Crossovers. They’re pretty popular with families these days and there are many to choose from. In the mid-sized market there’s the Toyota Venza, Nissan Murano, Mazda CX-7 and Honda Crosstour. Ford’s offering is the Edge. Launched in late 2006, the 2011 version gets a significant refresh.
Now, the word refresh can mean a number of different things. Often it ‘s just a new grille, taillights and a different color fabric in the cabin. Wow. Very exciting. If you’ve driven a Ford lately (ahem) it’s clear they’ve been doing things differently. Like Fusion, Edge gets more than just a new face and rear end. There’s a completely different interior, engine upgrades, subframe mount changes, and additions to the SNYC system among other refinements. While the side profile remains very familiar, this is not just a token warm over.
In Case You’re Not Familiar With It…
In the Ford family of crossovers, the five passenger Edge slots right in the middle of the smaller Escape and the seven passenger Explorer (which Ford calls an SUV). They also have the under-appreciated Flex, the only one of the bunch that doesn’t start with the letter “E”. Like the others, Edge is available in front or all-wheel drive.
My tester is a lightly optioned mid-level SEL model with front-wheel drive. At a retail price of $31,200 including destination there’s no sunroof or heated seats here. It, like most Edges, gets the smaller of two V6 engines. It’s a 3.5-liter unit that gets 20 more horsepower this time around for a total of 285. The transmission is a six-speed automatic with manual control using a small button on the console lever.
Those on a power trip will want to go for the 305 horse 3.7-liter in the Sport model (which also gets massive 22 inch wheels and paddle shifters on the steering wheel). Fuel sippers should wait for the 2.0-liter EcoBoost four-cylinder estimated to make in the neighborhood of 230 horsepower. Its fuel economy rating and ETA is unknown at this writing, stay tuned.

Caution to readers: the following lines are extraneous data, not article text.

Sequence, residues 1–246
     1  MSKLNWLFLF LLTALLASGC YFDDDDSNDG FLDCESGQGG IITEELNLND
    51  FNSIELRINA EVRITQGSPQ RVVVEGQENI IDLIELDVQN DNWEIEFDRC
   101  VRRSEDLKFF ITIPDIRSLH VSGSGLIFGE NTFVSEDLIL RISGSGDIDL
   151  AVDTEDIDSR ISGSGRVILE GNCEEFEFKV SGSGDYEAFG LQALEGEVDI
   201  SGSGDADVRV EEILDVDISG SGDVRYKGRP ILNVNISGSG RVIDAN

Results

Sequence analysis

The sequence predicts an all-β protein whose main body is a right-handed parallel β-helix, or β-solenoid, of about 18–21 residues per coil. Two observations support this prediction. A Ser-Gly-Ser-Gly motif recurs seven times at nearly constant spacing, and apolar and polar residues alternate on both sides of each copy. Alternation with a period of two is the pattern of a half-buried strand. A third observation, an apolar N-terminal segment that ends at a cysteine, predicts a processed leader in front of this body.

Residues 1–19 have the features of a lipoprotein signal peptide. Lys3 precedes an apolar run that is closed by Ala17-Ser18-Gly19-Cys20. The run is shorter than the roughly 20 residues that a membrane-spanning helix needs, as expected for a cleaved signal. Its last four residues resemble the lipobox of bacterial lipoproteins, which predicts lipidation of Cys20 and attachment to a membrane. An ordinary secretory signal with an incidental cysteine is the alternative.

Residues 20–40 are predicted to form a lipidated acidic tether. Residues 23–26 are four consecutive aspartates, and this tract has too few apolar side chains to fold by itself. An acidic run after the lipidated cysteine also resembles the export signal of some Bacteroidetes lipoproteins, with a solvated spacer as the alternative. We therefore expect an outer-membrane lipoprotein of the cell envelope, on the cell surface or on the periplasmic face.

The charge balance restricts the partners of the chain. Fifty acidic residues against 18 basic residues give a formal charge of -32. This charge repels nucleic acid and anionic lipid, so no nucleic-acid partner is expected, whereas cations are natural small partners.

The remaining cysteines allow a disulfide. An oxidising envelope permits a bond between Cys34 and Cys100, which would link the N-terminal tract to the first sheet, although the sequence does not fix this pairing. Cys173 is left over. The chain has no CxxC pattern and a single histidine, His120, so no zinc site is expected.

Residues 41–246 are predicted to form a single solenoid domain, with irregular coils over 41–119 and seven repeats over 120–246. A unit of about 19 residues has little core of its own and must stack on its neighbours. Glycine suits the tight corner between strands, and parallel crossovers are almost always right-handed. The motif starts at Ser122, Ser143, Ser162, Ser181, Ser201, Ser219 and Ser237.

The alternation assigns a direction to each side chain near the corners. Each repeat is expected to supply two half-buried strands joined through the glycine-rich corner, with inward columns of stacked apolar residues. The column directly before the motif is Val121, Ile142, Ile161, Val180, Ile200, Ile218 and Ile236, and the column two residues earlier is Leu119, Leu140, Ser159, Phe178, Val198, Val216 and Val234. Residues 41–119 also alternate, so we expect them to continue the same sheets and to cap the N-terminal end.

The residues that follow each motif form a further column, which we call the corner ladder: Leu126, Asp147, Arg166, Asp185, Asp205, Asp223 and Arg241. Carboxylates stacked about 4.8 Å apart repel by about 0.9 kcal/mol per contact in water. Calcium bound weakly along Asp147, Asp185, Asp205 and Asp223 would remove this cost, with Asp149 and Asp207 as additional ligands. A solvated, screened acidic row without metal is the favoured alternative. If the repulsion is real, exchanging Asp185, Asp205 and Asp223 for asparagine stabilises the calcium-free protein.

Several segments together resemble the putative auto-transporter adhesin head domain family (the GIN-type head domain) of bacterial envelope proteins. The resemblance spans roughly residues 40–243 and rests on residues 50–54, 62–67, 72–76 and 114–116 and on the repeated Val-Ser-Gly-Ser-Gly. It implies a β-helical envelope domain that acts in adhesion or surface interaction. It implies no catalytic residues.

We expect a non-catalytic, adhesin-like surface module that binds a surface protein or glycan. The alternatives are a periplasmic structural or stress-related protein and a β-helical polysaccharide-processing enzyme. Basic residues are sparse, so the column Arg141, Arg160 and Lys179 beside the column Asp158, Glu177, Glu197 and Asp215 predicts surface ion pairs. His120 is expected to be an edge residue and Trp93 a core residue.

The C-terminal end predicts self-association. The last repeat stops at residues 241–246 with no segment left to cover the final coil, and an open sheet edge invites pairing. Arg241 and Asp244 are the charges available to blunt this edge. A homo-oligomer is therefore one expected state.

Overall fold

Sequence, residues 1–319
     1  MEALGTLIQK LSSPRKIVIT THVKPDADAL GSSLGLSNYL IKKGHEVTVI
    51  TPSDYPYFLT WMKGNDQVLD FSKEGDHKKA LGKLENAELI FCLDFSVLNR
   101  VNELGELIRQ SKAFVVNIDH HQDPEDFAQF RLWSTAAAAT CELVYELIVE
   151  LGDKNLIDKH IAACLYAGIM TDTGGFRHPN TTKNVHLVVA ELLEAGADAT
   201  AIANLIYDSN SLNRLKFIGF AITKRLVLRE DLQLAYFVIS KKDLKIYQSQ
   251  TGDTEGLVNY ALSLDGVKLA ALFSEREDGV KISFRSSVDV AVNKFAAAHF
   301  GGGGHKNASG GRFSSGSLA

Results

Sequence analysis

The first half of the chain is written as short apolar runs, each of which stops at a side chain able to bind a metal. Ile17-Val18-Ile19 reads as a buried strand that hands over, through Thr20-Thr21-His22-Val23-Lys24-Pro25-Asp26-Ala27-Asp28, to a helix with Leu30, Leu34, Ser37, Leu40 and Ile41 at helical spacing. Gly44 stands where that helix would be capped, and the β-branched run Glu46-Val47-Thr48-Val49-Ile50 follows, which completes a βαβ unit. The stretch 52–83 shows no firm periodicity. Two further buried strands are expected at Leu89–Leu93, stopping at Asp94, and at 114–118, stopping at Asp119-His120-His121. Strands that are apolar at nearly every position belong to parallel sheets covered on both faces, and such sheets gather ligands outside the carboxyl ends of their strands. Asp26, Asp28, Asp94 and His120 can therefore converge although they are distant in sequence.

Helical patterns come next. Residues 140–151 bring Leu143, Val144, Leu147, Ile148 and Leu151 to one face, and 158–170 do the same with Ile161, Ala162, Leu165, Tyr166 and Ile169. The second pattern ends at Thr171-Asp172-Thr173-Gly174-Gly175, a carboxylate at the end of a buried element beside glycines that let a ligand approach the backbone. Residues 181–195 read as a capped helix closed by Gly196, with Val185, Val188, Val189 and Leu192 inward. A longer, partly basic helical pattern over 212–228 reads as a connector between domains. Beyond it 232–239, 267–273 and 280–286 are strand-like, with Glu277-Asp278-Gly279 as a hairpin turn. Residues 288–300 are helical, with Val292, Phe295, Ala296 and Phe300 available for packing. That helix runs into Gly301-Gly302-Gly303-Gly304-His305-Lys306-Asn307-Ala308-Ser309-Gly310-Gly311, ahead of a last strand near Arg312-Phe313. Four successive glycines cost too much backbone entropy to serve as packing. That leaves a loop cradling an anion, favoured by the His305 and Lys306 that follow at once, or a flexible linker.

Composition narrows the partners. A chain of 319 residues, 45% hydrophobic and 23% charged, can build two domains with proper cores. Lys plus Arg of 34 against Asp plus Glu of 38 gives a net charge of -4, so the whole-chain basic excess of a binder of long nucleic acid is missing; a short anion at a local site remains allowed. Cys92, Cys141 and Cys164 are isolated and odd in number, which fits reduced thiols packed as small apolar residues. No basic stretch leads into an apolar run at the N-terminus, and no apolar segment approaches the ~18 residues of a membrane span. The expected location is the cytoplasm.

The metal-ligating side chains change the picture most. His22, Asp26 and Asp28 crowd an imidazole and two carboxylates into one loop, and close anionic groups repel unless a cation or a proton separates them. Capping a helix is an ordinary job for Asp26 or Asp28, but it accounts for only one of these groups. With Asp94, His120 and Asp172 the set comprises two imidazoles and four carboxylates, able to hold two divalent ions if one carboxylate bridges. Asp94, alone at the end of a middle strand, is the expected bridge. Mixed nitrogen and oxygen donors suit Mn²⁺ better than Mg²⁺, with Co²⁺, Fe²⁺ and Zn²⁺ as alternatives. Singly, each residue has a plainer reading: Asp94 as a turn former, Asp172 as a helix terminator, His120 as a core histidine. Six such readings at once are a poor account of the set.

Edge of Performance
Edge has good power off the line, hustling to 60 miles an hour from a dead stop in just over seven seconds (7.3 according to my equipment). A new engine mounting system reduces vibration and noise. That and additional sound insulation keep things on the quiet side at highway speeds.
A firm retuned suspension tightens up the handling. Edge rides a little high, just like others in class but still corners well for a crossover. There’s a solid, hefty driving dynamic about it, which like many Fords these days, I’d describe as European.
Fuel economy? That’s on everyone’s mind days. My tester is EPA rated at 19 city, 27 highway, among the best in class. All-wheel drive drops that to 18/25. Max towing is 3,500 pounds.
Ford improved the anti-lock brakes for 2011, the stopping distance is now average. Pedal modulation is good, it just feels like Edge doesn’t want to slow down as fast as I’d like it to.
Edge has a little bit of torque steer which is a tugging of the steering wheel under hard acceleration. Hard to dial that out of a front-wheel drive automobile. It’s easily fixed by ordering AWD though obviously that affects price and drops fuel economy.
Inside It’s All About Touch